Thich Nhat Hanh became a priest when he was only 16 years old. In addition to the rigorous training, he was determined to serve people who were suffering from the aftermaths of war and famine.  He later witnessed his beloved teacher Thich Quang Duc sacrifice his body, to protest against the war by pouring petrol over his head and lighting matches on the street in Saigon. 

His teacher’s act deeply influenced young Thich Nhat Hanh’s mind and life’s mission. Thich Nhat Hanh felt intolerable anger when he saw his fellow monks being tortured, saw children be killed, or when he overheard an American military officer declare that the US protected Vietnamese people from communism. But soon, he realized that the real enemy was not the French, the Americans, or communism. The true enemy resides within his mind in the form of hatred, anger, discrimination, greed, and arrogance. He later spoke on his transformation by saying, “I was embracing my own enemies within my heart”.  He later became a man of compassion: a monk based in action for social justice. 

He spoke to thousands of Americans a few days after the 9-11 terrorist attack in order to appeal for forgiveness and non-violence. He then conducted a guided meditation practice of compassion to the US Congress. 

He said to the crying young man, “what you did to these innocent children was in fact, a terrible act. But these five would never come back. Go out there and save five children. There are hundreds and thousands of children whom you can help. You can deliver one pill to save a life. You can give out an insect catching net so that they can prevent themselves from getting malaria from mosquitoes. You can give life to a starving baby by providing one bottle of milk. You are spending time indulging in self-pity while there are hundreds of ways to save children today. Now it is time to get up and go! Save five children today, save 10 tomorrow, and then save 15 children on the day after!”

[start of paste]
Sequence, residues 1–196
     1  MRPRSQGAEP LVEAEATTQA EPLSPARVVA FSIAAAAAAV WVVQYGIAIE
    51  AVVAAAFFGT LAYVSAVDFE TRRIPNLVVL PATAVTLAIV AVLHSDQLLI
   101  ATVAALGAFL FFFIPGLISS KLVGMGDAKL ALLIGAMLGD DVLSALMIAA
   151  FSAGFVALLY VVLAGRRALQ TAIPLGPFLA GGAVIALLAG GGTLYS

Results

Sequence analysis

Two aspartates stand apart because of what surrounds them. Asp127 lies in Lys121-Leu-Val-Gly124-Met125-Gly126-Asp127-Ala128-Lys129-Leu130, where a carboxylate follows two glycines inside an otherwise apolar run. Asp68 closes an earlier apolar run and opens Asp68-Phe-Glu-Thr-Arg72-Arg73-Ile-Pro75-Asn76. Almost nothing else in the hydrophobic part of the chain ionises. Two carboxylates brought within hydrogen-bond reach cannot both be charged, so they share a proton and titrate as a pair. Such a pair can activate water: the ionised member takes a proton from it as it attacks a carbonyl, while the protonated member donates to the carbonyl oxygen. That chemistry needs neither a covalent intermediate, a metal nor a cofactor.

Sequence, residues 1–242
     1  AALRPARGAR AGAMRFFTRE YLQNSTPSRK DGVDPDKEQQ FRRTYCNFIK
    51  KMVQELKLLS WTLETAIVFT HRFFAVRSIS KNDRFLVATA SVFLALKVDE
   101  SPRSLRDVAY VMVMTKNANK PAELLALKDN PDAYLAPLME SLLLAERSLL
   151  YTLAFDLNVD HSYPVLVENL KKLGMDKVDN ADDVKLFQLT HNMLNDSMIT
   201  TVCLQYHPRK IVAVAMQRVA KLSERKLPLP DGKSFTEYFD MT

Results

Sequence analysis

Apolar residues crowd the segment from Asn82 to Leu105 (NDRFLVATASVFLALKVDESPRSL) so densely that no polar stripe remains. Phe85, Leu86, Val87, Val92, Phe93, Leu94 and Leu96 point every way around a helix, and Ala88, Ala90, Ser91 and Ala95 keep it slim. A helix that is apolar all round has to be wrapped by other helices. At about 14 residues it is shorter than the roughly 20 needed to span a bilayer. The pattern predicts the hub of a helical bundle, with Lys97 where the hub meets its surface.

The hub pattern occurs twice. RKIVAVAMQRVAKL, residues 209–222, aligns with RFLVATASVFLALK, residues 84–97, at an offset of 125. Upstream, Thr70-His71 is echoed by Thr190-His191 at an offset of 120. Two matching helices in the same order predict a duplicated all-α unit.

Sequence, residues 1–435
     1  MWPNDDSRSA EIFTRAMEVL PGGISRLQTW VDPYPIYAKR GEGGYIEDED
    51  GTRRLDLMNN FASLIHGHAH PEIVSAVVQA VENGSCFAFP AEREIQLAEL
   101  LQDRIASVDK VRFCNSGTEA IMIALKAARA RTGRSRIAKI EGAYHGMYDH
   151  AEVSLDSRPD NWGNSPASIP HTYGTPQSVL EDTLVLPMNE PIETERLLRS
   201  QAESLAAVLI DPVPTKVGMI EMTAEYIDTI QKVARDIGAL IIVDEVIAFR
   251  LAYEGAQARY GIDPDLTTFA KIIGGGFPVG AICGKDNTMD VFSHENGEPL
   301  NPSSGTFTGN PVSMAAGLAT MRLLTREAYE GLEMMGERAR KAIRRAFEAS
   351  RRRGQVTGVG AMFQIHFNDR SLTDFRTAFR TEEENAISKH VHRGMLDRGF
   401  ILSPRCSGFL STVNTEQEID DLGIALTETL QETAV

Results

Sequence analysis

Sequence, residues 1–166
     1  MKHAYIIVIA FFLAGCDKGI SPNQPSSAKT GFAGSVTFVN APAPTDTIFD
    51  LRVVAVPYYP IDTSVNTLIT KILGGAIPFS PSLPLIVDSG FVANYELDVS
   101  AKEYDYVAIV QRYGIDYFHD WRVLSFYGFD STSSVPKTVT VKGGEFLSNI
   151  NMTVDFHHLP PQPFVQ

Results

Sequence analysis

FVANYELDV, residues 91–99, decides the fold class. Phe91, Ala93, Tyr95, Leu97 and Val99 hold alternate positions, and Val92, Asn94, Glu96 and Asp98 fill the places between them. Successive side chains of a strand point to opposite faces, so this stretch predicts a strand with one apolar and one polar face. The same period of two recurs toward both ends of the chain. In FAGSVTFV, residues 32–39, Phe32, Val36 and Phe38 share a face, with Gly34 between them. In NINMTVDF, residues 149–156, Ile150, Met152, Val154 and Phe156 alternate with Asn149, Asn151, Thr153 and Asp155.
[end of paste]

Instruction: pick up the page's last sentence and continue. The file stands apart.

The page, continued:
I read on the internet that the young man went back to Vietnam after the Vietnam war ended. As a side note, it is also important to note that in Vietnam, the war is called the American War. The transformed young soldier set off by engaging in volunteer work taking care of war orphans. He also participated rebuilding schools and villages in Vietnam. 

Thich Nhat Hanh is a scholar and activist monk and also known as a poet who describes compassion to the human heart. His poems helped thousands of wounded souls. This young man was one, and I was also one of them. Embrace your own enemy and take an action to serve others who are suffering.

He wrote in one of his poetic statements titled You Are My Garden:

 

I am told to take care of the garden 

left to me by my ancestors. 

A garden always has beautiful trees and others that are not so healthy. That is the reason why we have to take good care of it.

You are my garden, and I know that I should practice as a gardener.

I have seen an old, untended garden, where the cherry and peach trees still bloom wonderfully and always in time.

You Are My Garden was from his poem book “Call me by My True Name” 

 

 

Thich Nhat Hanh is a founder of Plum Village, Buddhist Monastery in Southern France